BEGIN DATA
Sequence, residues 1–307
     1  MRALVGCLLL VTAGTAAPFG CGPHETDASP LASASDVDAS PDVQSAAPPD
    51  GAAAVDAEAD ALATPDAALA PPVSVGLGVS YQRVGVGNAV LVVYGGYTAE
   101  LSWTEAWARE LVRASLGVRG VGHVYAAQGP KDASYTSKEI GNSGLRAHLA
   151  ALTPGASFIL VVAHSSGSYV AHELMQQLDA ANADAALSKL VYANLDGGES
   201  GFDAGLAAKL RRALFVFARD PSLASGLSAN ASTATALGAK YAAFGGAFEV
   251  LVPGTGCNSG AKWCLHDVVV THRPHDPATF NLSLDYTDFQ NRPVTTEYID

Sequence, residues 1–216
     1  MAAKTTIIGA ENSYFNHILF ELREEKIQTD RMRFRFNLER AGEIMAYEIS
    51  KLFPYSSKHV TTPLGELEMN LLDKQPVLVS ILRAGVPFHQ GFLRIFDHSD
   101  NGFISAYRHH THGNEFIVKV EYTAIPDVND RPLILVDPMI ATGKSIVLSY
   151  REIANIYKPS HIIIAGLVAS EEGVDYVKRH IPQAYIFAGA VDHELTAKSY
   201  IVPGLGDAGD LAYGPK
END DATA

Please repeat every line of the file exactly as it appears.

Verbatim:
Sequence, residues 1–307
     1  MRALVGCLLL VTAGTAAPFG CGPHETDASP LASASDVDAS PDVQSAAPPD
    51  GAAAVDAEAD ALATPDAALA PPVSVGLGVS YQRVGVGNAV LVVYGGYTAE
   101  LSWTEAWARE LVRASLGVRG VGHVYAAQGP KDASYTSKEI GNSGLRAHLA
   151  ALTPGASFIL VVAHSSGSYV AHELMQQLDA ANADAALSKL VYANLDGGES
   201  GFDAGLAAKL RRALFVFARD PSLASGLSAN ASTATALGAK YAAFGGAFEV
   251  LVPGTGCNSG AKWCLHDVVV THRPHDPATF NLSLDYTDFQ NRPVTTEYID

Sequence, residues 1–216
     1  MAAKTTIIGA ENSYFNHILF ELREEKIQTD RMRFRFNLER AGEIMAYEIS
    51  KLFPYSSKHV TTPLGELEMN LLDKQPVLVS ILRAGVPFHQ GFLRIFDHSD
   101  NGFISAYRHH THGNEFIVKV EYTAIPDVND RPLILVDPMI ATGKSIVLSY
   151  REIANIYKPS HIIIAGLVAS EEGVDYVKRH IPQAYIFAGA VDHELTAKSY
   201  IVPGLGDAGD LAYGPK